In my core, however, I continue to love what I have so loved. This magnificent world is a place of pain, but it is also a place of grace. My spirit is strong—and must be strong—to notice the world’s beauty. My faith cradles me. My primary response to the world is one of gratitude.

Look Homeward Angel

I grew up a Southern girl who didn’t fit in the South. Other Southerners noticed this, too. From time to time, someone would tell me, “You don’t seem like you’re from here.”

The only option I could think of was being a Yankee, so I imagined that I would move to the Northeast. I didn’t think beyond the Mississippi River.

Seattle’s my home now. It felt like home the first day I visited here, as the April rain fell onto the watery city and grey skies felt like a low ceiling.

“This is a pritty [sic] city!” I kept exclaiming. Strange. I love the sun, and I love this city. For me at the age of 48, Seattle is home.

I moved away from North Carolina when I graduated from college in 1986, and I’ve never been tempted to move back. When I visit, however, I connect with it like a place that I have that mysterious soul-land connection to, a place that was once home.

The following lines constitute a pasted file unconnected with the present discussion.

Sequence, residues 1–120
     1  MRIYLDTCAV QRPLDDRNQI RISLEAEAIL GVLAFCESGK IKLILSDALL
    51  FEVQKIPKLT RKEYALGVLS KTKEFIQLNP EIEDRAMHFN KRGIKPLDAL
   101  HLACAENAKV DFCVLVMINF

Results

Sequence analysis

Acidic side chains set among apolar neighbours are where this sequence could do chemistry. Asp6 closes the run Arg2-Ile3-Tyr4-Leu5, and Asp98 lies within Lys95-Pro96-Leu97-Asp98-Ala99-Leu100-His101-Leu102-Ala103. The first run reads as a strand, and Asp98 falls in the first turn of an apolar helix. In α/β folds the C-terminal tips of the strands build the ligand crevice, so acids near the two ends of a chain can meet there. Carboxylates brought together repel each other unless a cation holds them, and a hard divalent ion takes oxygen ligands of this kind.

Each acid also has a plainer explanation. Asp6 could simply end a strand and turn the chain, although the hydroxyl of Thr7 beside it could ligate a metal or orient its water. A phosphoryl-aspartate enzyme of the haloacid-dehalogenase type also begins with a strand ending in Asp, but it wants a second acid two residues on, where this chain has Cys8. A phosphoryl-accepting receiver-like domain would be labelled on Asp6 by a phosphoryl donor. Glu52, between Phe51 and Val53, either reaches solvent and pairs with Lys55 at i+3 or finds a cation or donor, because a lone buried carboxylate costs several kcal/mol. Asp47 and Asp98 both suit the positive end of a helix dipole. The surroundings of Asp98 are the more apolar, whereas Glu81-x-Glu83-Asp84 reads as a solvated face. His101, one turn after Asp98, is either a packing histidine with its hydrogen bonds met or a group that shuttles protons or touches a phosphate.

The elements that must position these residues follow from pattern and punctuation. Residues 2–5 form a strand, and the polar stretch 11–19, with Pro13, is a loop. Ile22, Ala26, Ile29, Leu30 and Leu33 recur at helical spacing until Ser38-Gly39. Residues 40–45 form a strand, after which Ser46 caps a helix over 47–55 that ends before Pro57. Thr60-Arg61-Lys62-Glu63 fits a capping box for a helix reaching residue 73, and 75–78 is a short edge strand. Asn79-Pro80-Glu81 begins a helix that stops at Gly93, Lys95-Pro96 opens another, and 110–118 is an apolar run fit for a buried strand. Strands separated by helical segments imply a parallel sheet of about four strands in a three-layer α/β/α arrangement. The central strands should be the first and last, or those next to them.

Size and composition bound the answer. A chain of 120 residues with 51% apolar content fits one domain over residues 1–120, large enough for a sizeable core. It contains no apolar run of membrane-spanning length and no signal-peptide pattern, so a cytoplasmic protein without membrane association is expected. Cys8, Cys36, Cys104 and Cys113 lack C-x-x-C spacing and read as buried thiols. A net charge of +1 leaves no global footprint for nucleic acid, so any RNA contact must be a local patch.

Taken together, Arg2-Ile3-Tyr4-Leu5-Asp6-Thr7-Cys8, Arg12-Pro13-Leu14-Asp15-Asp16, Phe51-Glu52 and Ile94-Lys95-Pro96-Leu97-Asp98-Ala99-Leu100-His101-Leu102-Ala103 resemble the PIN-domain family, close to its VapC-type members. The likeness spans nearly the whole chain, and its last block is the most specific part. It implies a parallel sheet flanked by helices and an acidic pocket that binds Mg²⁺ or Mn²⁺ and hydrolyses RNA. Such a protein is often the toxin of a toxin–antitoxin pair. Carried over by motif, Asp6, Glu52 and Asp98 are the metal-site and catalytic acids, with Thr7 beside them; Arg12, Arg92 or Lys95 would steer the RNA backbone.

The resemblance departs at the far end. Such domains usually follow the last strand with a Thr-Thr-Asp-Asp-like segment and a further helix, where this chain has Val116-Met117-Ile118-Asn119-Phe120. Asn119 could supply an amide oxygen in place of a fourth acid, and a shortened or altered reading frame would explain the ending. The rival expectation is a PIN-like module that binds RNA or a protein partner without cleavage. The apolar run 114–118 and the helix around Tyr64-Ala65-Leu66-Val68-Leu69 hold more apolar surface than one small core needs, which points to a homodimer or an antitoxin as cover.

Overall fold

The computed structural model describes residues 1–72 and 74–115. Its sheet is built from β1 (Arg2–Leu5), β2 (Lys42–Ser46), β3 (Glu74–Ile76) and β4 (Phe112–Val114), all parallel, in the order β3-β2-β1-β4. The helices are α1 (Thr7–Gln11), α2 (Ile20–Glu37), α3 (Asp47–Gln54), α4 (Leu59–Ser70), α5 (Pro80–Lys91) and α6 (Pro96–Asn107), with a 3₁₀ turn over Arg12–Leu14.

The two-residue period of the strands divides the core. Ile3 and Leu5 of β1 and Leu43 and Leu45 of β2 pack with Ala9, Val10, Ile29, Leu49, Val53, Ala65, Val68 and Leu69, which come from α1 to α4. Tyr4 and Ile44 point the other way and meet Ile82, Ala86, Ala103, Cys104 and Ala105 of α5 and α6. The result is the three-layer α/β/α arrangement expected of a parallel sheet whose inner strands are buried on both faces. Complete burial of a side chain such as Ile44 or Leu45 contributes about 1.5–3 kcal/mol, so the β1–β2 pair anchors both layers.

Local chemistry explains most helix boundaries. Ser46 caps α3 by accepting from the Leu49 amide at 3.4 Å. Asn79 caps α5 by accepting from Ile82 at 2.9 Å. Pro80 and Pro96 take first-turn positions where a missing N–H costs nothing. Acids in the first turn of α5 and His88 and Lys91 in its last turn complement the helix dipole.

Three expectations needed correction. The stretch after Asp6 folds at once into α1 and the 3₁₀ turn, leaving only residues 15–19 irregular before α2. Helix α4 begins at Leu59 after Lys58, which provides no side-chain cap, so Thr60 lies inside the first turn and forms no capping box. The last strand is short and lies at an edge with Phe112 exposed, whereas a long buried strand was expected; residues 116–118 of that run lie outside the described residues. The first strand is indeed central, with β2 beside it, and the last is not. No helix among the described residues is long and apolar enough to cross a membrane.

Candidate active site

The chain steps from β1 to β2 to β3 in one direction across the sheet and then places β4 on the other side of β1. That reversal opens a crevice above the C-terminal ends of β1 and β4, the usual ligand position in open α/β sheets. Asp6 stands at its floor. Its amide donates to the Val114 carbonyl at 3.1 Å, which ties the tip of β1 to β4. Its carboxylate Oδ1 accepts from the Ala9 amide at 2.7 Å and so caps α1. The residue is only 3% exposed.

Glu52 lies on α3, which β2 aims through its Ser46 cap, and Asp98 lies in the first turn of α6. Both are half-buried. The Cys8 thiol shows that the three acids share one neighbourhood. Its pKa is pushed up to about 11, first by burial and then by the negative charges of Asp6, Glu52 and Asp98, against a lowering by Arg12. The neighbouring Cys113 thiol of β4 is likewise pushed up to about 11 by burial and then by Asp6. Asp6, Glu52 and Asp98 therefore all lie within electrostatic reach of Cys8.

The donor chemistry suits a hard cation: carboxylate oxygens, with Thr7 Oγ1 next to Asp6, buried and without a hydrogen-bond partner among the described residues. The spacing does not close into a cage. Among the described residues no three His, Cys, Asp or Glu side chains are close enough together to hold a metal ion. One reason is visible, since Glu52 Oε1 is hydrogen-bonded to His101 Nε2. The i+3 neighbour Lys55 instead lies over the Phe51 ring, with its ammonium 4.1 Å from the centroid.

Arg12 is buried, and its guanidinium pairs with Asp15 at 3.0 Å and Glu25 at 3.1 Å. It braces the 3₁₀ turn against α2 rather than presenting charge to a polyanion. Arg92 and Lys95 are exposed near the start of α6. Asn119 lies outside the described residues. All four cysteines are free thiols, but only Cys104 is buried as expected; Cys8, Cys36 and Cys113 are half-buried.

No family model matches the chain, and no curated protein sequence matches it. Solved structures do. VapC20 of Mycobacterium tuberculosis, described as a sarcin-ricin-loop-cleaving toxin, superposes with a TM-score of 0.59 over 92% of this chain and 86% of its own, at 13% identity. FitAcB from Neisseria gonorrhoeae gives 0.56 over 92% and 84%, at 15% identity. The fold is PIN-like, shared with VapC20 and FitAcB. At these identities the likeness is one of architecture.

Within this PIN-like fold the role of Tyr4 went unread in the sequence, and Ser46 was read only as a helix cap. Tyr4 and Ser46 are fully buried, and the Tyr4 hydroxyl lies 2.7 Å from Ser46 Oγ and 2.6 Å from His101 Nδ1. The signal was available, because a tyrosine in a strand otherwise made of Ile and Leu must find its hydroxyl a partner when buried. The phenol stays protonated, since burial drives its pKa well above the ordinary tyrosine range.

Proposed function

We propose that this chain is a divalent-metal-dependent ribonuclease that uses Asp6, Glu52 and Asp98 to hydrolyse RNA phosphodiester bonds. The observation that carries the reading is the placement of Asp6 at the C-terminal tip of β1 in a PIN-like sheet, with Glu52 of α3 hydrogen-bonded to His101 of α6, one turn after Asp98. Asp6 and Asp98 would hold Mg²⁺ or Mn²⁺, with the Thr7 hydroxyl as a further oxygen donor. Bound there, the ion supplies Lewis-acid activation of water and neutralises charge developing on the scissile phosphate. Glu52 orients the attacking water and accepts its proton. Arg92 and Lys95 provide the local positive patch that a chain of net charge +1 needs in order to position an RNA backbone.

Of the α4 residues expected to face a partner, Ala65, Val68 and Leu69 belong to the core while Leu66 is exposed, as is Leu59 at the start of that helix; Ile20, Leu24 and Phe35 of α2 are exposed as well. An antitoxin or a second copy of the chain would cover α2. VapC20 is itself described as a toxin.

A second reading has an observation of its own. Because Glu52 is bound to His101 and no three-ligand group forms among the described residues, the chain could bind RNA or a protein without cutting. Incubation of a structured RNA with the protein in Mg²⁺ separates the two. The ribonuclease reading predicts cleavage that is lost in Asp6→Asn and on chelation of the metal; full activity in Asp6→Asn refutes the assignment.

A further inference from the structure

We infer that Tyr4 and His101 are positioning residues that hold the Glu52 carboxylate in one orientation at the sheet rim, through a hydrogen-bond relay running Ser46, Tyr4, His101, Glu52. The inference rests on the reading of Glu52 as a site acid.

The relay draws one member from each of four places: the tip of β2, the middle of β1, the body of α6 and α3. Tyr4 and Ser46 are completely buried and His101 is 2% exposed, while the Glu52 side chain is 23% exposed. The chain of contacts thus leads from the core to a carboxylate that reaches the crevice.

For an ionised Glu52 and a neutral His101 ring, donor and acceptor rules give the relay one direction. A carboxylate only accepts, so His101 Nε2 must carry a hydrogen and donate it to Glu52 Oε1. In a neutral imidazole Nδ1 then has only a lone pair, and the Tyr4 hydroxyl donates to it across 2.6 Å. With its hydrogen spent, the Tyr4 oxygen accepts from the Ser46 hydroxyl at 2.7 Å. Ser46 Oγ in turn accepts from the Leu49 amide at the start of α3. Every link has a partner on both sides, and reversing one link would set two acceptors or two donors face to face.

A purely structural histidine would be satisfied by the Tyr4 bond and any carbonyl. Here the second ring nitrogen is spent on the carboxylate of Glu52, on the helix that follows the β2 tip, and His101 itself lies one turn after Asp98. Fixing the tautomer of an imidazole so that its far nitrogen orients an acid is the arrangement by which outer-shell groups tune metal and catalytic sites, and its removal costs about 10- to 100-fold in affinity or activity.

On a recent trip to Western N.C., Ann and I land first in the Atlanta airport. Within minutes of entering the concourse, I overhear, “Yes, ma’am,” and “Yes ma’am” and “Yes, ma’am.” The sound of home.

I also hear a falsetto, “H-a-a-a-a-a-y” and think that maybe one of my mother’s sisters is here, but this Southerner’s just a soul-sister.

As Ann and I wait in line for dinner at Chili’s, the young woman behind me tells her father, “It’s been 22 days since I smoked my last cigarette.” I turn around and give her my menu in celebration.

Our friend Mahan, who was the minister in our Southern Baptist church when I was in college, picks us up at the Asheville airport. Though our plane is three hours late, Mahan greets us as if he has just arrived.

As we drift to sleep in our hostess Janice’s mother’s bed, we feel the mountain breeze and hear cicadas through the open window.